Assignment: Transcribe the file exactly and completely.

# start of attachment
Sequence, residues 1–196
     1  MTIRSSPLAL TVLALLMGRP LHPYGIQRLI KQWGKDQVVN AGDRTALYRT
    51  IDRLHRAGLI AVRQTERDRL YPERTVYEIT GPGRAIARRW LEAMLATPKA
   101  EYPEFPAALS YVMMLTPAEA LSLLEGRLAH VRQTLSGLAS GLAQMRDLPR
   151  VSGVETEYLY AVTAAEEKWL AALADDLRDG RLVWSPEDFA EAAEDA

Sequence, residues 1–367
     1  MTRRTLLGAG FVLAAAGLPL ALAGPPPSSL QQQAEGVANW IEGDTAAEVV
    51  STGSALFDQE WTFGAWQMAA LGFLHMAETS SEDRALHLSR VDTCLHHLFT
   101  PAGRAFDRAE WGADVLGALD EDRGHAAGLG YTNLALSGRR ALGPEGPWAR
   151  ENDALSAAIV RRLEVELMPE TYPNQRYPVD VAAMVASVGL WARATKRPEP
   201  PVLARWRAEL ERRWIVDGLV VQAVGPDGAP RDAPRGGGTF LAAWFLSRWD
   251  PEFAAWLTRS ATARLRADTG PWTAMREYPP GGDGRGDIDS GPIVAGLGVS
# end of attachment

Sequence, residues 1–196
     1  MTIRSSPLAL TVLALLMGRP LHPYGIQRLI KQWGKDQVVN AGDRTALYRT
    51  IDRLHRAGLI AVRQTERDRL YPERTVYEIT GPGRAIARRW LEAMLATPKA
   101  EYPEFPAALS YVMMLTPAEA LSLLEGRLAH VRQTLSGLAS GLAQMRDLPR
   151  VSGVETEYLY AVTAAEEKWL AALADDLRDG RLVWSPEDFA EAAEDA

Sequence, residues 1–367
     1  MTRRTLLGAG FVLAAAGLPL ALAGPPPSSL QQQAEGVANW IEGDTAAEVV
    51  STGSALFDQE WTFGAWQMAA LGFLHMAETS SEDRALHLSR VDTCLHHLFT
   101  PAGRAFDRAE WGADVLGALD EDRGHAAGLG YTNLALSGRR ALGPEGPWAR
   151  ENDALSAAIV RRLEVELMPE TYPNQRYPVD VAAMVASVGL WARATKRPEP
   201  PVLARWRAEL ERRWIVDGLV VQAVGPDGAP RDAPRGGGTF LAAWFLSRWD
   251  PEFAAWLTRS ATARLRADTG PWTAMREYPP GGDGRGDIDS GPIVAGLGVS